Global concern about credit risk could increase the funding costs of local banks and lead to higher interest rates for New Zealand borrowers, a banking expert says.
The cost of insuring corporate bonds has spiked amid fears about the credit worthiness of financial institutions, driving a worldwide sell-off in bank stocks, including a more than 14 per cent plunge by Germany's Deutsche Bank this week.
Shares in the big four Aussie banks - ANZ, Commonwealth Bank (ASB's parent), National Australia Bank (BNZ's parent) and Westpac - all fell by 4 to 5 per cent yesterday, contributing to a A$40 billion slump in the Australian sharemarket's value.
The Australian gauge of credit default swaps - essentially insurance policies against debt default - jumped to its highest level since September 2012 yesterday afternoon, Bloomberg reported.
Kiwi borrowers have been enjoying some of the lowest mortgage rates seen in decades thanks, in part, to the favourable wholesale funding costs banks have been enjoying as a result of the low interest rate environment.
But Massey University banking expert David Tripe said the concerns around credit risk were likely to increase the funding costs facing New Zealand banks.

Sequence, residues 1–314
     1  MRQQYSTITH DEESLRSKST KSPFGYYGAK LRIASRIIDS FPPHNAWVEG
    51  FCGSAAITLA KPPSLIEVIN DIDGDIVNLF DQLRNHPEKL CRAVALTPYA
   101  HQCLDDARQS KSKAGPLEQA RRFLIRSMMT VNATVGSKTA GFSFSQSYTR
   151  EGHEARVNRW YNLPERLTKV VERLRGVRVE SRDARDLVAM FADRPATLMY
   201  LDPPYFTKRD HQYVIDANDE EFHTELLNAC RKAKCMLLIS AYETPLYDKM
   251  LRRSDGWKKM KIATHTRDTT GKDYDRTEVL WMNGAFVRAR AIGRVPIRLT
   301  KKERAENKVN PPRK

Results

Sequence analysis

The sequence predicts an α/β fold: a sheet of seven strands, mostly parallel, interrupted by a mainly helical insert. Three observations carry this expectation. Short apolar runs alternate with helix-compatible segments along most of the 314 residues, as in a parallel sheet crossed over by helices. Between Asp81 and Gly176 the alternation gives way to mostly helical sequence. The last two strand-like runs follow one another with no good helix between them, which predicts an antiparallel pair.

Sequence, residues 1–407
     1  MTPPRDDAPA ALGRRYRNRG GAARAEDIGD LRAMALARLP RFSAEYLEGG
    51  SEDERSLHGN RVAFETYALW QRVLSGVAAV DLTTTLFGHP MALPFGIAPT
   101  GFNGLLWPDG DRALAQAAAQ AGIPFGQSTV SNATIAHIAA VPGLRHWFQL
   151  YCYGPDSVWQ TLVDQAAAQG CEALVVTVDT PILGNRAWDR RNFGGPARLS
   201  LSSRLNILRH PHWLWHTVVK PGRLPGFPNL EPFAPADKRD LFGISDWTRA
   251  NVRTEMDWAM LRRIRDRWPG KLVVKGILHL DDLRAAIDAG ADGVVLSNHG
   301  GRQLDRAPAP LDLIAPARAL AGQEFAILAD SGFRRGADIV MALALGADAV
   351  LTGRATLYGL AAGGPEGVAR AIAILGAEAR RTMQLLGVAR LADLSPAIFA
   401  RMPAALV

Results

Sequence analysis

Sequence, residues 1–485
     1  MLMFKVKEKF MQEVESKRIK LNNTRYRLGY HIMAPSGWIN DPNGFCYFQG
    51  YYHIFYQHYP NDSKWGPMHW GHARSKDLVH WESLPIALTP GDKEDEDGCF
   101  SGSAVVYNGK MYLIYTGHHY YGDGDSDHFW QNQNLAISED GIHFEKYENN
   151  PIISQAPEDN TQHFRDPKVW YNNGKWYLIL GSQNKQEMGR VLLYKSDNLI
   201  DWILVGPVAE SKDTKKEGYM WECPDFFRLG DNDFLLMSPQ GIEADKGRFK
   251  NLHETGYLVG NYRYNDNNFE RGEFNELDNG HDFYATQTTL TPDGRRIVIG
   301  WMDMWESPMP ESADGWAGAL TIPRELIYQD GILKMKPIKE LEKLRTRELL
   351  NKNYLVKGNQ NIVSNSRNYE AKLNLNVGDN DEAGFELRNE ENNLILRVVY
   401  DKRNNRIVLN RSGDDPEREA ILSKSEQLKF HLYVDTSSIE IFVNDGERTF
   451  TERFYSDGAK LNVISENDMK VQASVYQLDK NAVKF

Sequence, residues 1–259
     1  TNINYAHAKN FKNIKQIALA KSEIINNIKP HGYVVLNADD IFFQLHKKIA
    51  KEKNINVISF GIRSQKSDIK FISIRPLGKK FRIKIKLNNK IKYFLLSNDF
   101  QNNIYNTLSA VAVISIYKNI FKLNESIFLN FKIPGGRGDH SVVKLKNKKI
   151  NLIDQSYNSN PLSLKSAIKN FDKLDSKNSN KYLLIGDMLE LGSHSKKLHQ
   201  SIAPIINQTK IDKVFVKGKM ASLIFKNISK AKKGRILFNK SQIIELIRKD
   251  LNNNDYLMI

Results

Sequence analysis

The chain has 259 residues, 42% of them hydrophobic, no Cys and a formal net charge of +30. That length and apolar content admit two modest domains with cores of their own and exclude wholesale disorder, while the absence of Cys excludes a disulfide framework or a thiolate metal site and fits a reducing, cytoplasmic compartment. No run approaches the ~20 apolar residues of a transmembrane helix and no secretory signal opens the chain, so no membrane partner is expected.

"If it persists for any length of time, we're likely to see some upward adjustment in [consumer] interest rates," Tripe said.
"As funding costs in aggregate for the banks shift, that will shift what banks perceive themselves as needing to charge their customers to maintain their margins."
Still, competition among banks, particularly in the home loan market, remains fierce, which could help shield borrowers from rate increases.
The credit risk fears add to existing investor concerns that have plagued markets this year, including a slump in commodity prices - which has taken oil below US$30 a barrel - and worries about the outlook for the global economy.
The cost of protecting Deutsche Bank's debt against default has more than doubled this year, Bloomberg reported.